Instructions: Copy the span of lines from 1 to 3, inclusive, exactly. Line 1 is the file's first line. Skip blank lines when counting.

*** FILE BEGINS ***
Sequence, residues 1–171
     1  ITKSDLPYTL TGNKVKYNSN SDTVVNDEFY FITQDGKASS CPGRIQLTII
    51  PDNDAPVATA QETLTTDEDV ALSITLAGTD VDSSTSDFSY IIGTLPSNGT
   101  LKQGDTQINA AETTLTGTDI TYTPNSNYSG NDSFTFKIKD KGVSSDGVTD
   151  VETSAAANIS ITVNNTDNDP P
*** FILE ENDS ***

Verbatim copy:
Sequence, residues 1–171
     1  ITKSDLPYTL TGNKVKYNSN SDTVVNDEFY FITQDGKASS CPGRIQLTII
    51  PDNDAPVATA QETLTTDEDV ALSITLAGTD VDSSTSDFSY IIGTLPSNGT